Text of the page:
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Electrical – Glossary of Terms

Written by Caroline Henn

17th April 2020

We thought it might be helpful to have a list of regularly used electrical terms to help explain some of the sometimes confusing terminology used

This can be switched or unswitched. It is a way of connecting an appliance without using a plug. It is commonly used with Boilers. The fuse holder can take different size fuses – 3, 5, 10 & 13amp

These are commonly known as “Fuses” on Consumer Units. They are used to control individual circuits. In more modern Consumer Units, they are controlled by Levers. if the lever is pointing UP, the MCB is on, if it is pointing DOWN, the MCB is off.

RCBOs are very much more common these days. At its most basic level, an RCBO is an RCD combined with an MCB. Effectively each circuit has its own RCD.
They make a Consumer Unit more expensive, but they are much more convenient for the consumer. If a fault developes on a circuit, only that circuit will be affected, leaving everything else working.

If the lever is pointing UP, the RCBO is on, if it is pointing DOWN, the RCBO is off.

RCCBs are RCDs. Like RCDs, they are used to protect a collection of MCBs. Like RCDs, they can also be used as a Main Switch.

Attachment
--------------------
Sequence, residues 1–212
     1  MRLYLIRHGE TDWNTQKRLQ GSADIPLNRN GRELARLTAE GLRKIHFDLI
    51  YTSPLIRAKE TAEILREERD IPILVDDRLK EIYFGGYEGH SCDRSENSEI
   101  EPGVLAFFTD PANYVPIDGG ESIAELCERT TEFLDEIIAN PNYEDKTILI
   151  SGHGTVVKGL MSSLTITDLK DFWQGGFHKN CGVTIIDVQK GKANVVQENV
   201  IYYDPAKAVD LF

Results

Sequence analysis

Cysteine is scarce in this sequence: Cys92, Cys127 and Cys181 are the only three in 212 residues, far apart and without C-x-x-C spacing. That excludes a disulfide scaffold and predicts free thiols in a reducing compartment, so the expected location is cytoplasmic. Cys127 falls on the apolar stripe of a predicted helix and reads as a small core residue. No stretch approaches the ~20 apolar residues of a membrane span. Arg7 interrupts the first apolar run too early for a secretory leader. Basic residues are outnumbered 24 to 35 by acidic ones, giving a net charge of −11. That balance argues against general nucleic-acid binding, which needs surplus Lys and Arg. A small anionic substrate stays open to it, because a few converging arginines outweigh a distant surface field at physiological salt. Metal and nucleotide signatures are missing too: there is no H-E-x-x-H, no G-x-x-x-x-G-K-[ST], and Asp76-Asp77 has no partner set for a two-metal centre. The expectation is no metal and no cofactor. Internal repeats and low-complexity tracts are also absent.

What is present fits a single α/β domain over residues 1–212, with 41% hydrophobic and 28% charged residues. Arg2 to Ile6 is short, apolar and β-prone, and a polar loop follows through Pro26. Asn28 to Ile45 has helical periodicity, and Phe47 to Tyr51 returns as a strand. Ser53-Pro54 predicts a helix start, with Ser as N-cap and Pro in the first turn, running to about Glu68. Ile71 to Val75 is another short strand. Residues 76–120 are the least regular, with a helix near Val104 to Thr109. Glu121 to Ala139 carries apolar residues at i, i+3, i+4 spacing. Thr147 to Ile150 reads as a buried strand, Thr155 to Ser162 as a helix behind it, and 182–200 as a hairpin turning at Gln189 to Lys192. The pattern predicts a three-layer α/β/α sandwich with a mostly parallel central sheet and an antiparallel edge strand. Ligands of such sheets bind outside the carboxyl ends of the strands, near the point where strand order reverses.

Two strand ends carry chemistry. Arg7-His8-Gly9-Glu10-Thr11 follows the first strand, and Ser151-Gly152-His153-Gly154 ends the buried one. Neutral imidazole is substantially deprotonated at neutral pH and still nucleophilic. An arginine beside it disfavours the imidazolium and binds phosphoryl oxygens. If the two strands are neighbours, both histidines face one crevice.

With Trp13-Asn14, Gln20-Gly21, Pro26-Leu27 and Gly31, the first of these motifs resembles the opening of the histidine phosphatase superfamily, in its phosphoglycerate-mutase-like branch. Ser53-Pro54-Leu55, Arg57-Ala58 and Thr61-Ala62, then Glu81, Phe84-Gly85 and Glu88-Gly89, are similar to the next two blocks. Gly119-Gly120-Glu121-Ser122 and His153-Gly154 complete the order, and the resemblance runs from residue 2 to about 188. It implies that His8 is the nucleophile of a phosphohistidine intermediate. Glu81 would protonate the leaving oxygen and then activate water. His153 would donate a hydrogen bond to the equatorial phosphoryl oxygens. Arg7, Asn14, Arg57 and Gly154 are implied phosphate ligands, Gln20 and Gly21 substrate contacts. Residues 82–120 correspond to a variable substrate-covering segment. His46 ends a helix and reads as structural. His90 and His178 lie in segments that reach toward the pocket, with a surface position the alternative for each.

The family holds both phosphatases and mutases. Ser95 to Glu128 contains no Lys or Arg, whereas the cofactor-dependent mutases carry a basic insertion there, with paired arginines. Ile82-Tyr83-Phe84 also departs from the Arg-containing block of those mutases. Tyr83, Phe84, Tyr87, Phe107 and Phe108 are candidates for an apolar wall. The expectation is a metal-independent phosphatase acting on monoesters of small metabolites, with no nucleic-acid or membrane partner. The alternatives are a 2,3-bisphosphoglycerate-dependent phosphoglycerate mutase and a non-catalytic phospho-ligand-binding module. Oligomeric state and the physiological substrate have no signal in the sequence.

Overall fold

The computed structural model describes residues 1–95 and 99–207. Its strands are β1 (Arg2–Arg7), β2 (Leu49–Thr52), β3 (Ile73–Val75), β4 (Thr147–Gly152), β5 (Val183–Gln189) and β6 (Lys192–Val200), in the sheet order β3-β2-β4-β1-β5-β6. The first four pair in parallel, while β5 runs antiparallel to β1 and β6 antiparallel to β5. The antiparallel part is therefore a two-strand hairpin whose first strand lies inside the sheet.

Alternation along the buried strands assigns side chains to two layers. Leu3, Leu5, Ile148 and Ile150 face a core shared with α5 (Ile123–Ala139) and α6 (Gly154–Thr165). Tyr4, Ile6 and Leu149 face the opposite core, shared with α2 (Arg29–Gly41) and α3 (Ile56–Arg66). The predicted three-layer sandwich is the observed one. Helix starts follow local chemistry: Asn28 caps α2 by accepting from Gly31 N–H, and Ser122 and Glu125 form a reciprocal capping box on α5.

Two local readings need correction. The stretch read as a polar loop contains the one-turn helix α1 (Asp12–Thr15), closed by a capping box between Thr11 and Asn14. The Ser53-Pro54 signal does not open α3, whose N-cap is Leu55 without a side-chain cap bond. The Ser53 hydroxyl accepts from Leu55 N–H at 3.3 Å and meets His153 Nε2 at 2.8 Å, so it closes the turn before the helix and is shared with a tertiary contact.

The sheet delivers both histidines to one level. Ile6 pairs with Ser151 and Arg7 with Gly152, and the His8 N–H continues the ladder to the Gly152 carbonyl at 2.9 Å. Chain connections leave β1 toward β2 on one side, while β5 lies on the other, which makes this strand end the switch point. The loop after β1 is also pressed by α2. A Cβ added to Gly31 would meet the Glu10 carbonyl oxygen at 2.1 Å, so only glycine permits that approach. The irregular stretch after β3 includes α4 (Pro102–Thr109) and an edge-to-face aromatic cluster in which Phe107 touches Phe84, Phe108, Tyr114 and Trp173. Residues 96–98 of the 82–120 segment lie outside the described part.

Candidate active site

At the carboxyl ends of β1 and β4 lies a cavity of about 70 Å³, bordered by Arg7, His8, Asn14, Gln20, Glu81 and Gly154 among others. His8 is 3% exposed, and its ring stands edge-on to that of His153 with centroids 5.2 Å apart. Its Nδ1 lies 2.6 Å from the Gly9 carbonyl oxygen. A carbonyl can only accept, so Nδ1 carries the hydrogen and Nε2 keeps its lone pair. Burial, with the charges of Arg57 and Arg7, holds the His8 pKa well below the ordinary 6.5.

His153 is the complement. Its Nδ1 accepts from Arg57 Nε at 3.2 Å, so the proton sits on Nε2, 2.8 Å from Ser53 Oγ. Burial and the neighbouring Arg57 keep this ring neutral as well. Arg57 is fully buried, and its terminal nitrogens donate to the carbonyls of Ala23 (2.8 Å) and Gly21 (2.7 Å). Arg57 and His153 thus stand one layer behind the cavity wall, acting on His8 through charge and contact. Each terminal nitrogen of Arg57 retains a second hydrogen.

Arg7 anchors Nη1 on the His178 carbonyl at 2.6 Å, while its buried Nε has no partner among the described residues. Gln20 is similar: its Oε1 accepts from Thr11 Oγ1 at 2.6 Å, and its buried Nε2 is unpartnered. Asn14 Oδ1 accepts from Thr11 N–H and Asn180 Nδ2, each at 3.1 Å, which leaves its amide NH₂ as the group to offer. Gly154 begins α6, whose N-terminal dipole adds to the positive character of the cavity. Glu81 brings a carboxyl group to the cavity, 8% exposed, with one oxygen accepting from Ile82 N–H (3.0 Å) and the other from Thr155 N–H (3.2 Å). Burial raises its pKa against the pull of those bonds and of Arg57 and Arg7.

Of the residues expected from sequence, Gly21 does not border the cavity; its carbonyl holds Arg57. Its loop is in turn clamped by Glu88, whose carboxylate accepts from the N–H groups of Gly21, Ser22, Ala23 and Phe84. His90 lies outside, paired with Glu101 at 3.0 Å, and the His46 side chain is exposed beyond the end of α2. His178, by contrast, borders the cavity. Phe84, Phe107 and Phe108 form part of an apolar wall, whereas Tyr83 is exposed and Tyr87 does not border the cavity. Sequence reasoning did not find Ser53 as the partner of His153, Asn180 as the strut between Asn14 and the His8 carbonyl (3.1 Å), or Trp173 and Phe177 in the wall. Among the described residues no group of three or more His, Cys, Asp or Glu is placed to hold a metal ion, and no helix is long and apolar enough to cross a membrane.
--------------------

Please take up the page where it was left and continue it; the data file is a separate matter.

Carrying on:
If the lever is pointing UP, the RCCB is on, if it is pointing DOWN, the RCCB is off.

An RCD, or Residual Current Device, is a device to protect against faults. It measures the current in the circuits that it controls. If there is an imbalance, it assumes that some of the current has leaked out and is causing a danger. The current is immediately (or, at least within 300 milliseconds) switched off and there is no longer any power.  

If the lever is pointing UP, the RCD is on, if it is pointing DOWN, the RCD is off.

RCDs are sometimes used as the Main Switch on a Consumer Unit

Surge Protection Devices are becoming increasingly common. The latest (18th) Edition of Electrical Regulations required that these devices be installed where an interruption to the power supply could cause a danger. 
Manufacturers are now including these as standard in many of their Consumer Units. They are designed to protect sensitive electrical equiment against fluctuations in the supply voltage. We now have many more sensitive electronic devices in our homes which could be damaged by fluctuations in supply. 

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